Teonanacatl, but actual illustrations de-

nounce it. One depicts the devil enticing an

Indian to eat the fungus; another has the

devil performing a dance upon a mush-

room.

"But before explaining this [idolatry],

one of the clerics said, "I wish to explain

the nature of the said mushrooms

[which] were small and yellowish, and to

collect them the priests and old men,

appointed as ministers for these impostures,

went to the hills and remained almost the

whole night in sermonizing and in supersti-

tious praying. At dawn, when a certain

little breeze which they know begins to

blow, they would gather them, attributing

to them deity. When they are eaten or

drunk, they intoxicate, depriving those

who partake of them of their senses and

making them believe a thousand absurdi-

ties."

Dr. Francisco Hernandez, personal physi

cian to the king of Spain, wrote that three

kinds of narcotic mushrooms were wor-

shipped. After describing a lethal species, he

stated that "others when eaten cause not

death but madness that on occasion is

lasting, of which the symptom is a kind of

uncontrolled laughter. Usually called tey-

huintli, these are deep yellow, acrid and of a

not displeasing freshness. There are others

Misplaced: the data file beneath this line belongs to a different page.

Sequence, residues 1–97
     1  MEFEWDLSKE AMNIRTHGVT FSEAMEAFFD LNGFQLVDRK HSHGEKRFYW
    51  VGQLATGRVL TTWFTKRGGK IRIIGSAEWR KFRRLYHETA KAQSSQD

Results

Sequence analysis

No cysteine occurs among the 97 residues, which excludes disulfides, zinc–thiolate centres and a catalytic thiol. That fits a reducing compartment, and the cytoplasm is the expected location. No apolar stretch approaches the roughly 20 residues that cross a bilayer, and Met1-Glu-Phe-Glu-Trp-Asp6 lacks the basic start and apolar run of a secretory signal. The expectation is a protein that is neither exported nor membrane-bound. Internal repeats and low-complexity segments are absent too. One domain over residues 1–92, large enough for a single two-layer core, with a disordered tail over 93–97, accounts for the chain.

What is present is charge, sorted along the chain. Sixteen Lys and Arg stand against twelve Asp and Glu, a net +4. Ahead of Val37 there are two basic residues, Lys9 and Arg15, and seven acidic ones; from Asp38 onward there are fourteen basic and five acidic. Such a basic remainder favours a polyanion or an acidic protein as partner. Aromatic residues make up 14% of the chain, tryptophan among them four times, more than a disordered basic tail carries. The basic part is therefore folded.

again which, without inducing laughter,

bring before the eyes all kinds of things,

such as wars and the likeness of demons.

Yet others are there not less desired by

princes for their fiestas and banquets, of

great price. With night-long vigils are they

sought, awesome and terrifying. This kind

is tawny and somewhat acrid."

For four centuries nothing was known of

the mushroom cult; and it was even

doubted that mushrooms were used hallu-

cinogenically in ceremony. The Church

fathers had done such a successful job of

driving the cult into hiding through perse-

cution that no anthropologist or botanist

had ever uncovered the religious use of

these mushrooms.

In 1916 an American botanist finally pro-

posed a "solution" to the identification of

Teonanacatl, concluding that Teonanacatl

and the Peyote were the same drug. Moti-

vated by distrust of the chroniclers and

Indians, he intimated that the natives, to

protect Peyote, were indicating mush-

rooms to the authorities. He argued that

the dried, brownish, disk-like crown of

Peyote resembles a dried mushroom so